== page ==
Extensible environment-settings data is designed to define a set of known environmental parameters. Furthermore, in order to maintain future compatibility with environments that may include as of yet undefined environmental parameters, the environment-settings data is extensibly amendable so that additional settings can be added to define additional environmental parameters. As an example, an environmental control system may download extensible environment-settings data that does not include a setting defining an environmental parameter that is adjustable by the environmental control system. As such, the customization subsystem of the environmental control system can amend the extensible environment-settings data to include the previously undefined setting.
At 62, the method includes determining if the extensible environment-settings data includes an instance of environment-specific settings tailored to the environmental control system. If the data does not include such environment-specific settings, at 64, the method includes amending the extensible environment-settings data to include an instance of environment-specific settings tailored to the environmental control system. In this way, the extensible environment-settings data can be updated to include environment-specific data for newly experienced environments. Such environment-specific data may include one or more variations relative to generic settings, thus providing a user with an opportunity to further customize one environment relative to other environments.
At 66, the method includes determining if the extensible environment-settings data includes settings for previously undefined environmental parameters. The previously undefined environmental parameters may be environmental parameters that are adjustable by the environmental control system that is currently utilizing the settings data. Such environmental parameters may not have been adjustable by other environmental control systems using the settings data, and thus, such environmental parameters were previously undefined by the settings data.
If the data does not include settings for the previously undefined parameters, at 68, the method includes amending the extensible environment-settings data to include settings corresponding to the previously undefined environmental parameters. Generic settings may be amended to include a generic preference for the new environmental parameter, and the generic preference subsequently may be used for other new environments that can also make adjustments to the environmental parameter. Furthermore, the environment-specific settings for that particular environment can be amended to include the environment-specific preferences.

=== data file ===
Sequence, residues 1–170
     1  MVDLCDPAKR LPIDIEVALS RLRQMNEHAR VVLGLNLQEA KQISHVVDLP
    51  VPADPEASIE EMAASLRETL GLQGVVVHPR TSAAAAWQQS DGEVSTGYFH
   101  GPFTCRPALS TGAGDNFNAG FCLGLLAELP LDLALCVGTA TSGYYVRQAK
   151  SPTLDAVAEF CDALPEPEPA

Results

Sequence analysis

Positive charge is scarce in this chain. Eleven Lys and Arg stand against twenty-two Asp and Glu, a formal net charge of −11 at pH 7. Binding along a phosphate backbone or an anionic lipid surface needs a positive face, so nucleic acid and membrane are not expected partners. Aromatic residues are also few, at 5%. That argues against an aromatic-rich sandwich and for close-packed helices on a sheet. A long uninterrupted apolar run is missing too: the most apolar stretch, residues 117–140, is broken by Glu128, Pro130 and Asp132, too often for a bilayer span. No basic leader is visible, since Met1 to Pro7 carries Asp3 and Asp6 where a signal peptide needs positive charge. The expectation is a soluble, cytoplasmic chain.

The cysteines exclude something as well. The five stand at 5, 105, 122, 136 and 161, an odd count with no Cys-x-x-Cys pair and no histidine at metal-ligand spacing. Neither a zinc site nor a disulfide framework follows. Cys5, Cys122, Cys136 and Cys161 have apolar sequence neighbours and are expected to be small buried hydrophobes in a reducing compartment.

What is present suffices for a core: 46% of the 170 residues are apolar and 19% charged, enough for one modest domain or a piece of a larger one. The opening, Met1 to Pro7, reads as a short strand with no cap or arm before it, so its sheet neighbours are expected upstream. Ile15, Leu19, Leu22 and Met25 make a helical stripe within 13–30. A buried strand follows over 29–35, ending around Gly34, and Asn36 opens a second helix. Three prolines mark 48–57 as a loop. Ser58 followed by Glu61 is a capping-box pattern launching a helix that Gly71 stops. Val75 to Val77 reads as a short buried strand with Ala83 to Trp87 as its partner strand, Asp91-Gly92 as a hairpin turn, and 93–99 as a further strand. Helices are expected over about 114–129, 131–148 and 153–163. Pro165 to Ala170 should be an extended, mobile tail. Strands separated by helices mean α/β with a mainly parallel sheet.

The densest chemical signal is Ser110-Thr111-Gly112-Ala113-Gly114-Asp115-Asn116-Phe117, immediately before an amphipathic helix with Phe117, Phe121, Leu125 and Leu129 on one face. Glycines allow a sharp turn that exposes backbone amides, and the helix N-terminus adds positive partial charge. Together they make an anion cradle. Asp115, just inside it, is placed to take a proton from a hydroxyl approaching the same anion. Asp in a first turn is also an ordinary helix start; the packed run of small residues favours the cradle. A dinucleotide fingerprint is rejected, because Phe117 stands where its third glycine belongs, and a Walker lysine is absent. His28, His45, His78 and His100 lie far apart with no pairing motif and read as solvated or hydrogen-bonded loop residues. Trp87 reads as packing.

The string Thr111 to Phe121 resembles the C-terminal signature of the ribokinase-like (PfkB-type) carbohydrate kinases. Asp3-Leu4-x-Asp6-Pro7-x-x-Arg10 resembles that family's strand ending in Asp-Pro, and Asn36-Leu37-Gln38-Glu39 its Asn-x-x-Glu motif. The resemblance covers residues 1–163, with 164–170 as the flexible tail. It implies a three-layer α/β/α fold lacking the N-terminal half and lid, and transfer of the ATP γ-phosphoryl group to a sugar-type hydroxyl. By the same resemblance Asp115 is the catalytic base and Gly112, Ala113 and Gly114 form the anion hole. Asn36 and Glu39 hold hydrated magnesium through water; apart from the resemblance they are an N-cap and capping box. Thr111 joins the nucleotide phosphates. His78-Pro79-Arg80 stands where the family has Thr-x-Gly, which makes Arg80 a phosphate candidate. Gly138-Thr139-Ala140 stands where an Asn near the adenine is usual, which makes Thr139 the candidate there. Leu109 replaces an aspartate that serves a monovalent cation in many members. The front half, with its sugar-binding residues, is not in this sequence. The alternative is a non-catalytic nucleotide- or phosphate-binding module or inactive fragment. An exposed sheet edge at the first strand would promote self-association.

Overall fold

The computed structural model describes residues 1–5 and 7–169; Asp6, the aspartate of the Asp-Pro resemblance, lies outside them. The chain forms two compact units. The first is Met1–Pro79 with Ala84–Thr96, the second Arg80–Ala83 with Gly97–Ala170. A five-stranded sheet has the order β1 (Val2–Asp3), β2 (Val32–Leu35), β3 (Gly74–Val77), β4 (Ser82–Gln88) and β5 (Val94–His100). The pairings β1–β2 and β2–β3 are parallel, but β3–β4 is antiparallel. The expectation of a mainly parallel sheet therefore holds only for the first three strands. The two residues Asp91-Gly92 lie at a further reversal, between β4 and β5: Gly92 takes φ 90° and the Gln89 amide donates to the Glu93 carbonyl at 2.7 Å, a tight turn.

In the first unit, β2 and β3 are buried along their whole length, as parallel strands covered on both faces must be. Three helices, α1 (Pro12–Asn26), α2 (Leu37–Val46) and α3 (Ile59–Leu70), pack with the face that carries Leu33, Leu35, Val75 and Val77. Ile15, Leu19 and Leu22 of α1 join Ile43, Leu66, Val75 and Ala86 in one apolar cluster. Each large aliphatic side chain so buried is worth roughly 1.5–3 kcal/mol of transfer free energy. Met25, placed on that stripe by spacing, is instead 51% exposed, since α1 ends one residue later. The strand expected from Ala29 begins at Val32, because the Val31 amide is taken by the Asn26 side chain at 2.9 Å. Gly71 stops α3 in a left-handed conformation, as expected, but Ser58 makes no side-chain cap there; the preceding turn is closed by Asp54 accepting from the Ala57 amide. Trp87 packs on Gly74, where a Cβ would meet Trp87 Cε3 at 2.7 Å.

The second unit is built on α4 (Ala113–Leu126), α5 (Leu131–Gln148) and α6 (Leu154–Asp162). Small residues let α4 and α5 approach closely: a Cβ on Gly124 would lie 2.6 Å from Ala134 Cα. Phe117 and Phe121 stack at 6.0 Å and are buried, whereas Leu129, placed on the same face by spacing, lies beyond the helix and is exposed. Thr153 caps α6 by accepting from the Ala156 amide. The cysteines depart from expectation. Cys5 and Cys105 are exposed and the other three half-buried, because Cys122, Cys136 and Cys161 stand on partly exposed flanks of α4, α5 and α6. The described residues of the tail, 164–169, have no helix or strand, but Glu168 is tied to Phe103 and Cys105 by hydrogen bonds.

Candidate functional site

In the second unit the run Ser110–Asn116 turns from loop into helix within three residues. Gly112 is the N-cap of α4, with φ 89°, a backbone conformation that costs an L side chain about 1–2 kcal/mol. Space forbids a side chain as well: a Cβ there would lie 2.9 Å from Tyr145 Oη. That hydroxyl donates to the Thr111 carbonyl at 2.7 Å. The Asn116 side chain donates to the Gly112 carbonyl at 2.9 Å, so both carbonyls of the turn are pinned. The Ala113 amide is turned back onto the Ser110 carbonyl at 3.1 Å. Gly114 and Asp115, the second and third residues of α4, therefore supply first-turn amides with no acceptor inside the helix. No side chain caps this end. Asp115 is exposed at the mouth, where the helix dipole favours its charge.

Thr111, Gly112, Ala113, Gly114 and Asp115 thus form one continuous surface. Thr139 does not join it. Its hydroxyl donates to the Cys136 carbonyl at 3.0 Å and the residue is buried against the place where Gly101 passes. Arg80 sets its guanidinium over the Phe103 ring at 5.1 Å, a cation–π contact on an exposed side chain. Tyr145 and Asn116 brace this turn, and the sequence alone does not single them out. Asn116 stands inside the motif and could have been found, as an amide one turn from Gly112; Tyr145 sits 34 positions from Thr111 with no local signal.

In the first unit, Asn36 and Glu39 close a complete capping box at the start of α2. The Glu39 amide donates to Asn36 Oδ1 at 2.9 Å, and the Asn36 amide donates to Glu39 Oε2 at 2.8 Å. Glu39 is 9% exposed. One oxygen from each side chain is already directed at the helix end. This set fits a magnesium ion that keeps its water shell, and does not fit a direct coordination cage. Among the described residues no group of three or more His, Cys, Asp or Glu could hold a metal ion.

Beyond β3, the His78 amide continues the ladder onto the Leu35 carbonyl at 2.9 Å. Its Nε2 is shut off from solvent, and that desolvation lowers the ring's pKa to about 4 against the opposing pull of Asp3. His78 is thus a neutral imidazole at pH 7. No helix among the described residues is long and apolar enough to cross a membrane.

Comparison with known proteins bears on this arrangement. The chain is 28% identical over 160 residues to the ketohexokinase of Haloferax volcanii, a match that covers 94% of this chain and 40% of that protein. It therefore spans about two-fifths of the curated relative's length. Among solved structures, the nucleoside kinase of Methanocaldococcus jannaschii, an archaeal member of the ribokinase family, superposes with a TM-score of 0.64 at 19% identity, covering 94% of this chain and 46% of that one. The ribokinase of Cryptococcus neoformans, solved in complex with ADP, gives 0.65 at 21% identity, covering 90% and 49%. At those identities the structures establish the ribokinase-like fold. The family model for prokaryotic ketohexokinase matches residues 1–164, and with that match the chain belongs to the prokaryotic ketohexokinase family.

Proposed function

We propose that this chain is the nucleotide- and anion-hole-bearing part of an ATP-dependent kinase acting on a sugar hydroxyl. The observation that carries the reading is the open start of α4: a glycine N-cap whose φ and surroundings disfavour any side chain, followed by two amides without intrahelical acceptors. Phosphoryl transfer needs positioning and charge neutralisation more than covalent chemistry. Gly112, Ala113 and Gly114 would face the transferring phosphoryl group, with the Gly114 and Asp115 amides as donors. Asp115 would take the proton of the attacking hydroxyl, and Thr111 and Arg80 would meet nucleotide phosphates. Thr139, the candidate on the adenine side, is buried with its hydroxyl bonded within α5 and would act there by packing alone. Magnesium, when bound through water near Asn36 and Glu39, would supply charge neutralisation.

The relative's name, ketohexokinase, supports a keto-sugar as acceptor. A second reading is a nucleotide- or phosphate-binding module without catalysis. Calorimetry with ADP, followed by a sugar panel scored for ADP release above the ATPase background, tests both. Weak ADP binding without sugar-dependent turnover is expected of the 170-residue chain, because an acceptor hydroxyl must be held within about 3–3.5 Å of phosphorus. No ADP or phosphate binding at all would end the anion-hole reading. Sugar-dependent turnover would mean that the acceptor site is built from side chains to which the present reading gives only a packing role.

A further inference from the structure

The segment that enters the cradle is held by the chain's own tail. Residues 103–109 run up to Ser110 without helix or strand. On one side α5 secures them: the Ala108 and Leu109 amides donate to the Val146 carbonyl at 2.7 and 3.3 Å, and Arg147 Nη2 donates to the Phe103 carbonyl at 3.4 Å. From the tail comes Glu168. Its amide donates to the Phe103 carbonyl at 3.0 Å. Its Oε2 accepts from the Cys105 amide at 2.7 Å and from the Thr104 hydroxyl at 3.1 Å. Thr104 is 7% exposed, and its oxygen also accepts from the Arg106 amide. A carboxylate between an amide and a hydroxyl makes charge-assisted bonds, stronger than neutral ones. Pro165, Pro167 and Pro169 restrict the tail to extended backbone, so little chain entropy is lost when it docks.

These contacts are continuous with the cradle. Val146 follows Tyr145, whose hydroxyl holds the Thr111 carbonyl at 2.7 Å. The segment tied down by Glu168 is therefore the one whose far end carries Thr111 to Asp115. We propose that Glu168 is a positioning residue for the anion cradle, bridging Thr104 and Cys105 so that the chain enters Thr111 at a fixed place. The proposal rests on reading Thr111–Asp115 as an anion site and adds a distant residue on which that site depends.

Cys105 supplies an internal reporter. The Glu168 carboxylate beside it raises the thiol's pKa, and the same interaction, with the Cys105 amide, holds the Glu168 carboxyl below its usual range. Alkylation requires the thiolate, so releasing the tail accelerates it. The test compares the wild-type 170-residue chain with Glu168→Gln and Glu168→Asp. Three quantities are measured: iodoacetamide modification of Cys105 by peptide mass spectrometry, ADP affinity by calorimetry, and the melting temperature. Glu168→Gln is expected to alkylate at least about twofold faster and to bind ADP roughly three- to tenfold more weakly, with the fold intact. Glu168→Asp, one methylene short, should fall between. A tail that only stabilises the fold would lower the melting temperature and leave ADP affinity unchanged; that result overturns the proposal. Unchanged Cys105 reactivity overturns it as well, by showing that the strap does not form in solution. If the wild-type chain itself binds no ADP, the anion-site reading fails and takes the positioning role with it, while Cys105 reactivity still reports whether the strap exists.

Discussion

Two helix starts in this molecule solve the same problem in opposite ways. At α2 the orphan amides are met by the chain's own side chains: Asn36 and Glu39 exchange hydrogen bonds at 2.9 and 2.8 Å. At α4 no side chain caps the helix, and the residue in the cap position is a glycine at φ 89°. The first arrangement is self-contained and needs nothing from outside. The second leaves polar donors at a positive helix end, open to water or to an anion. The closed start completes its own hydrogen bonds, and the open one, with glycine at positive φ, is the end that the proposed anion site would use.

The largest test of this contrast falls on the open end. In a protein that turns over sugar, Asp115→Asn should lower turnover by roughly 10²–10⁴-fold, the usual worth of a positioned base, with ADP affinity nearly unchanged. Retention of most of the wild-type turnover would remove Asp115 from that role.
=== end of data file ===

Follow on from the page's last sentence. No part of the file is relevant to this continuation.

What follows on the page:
At 80, the method includes determining if a user makes an adjustment to an environmental parameter that deviates from a preference defined by the extensible environment-settings data. For example, if the extensible environment-settings include a generic temperature setting, and the temperature setting has a value of 72 degrees Fahrenheit, a user overriding the previously recorded preference of 72 degrees and adjusting the temperature to 70 degrees may indicate a change in the user's preference. As such, at 82, method 60 may further include amending the extensible environment-settings data at least in part by amending settings data in accordance with the user adjustments. Amending the settings data in accordance with user adjustments facilitates maintaining the settings data to accurately reflect a user's preferences, even if such preferences are continually changing.
At 84, method 60 includes determining if amendments are made to the extensible environment-settings data. For example, such amendments may be made at 64, at 68, and/or at 82. If amendments have been made, at 86, the amended extensible environment-settings data can be uploaded to a data-storage device. For example, with reference to
The amended extensible environment-settings data can subsequently be downloaded by a different environmental control system, and that environmental control system can adjust environmental parameters to reflect user preferences as represented by the amended environmental-settings data.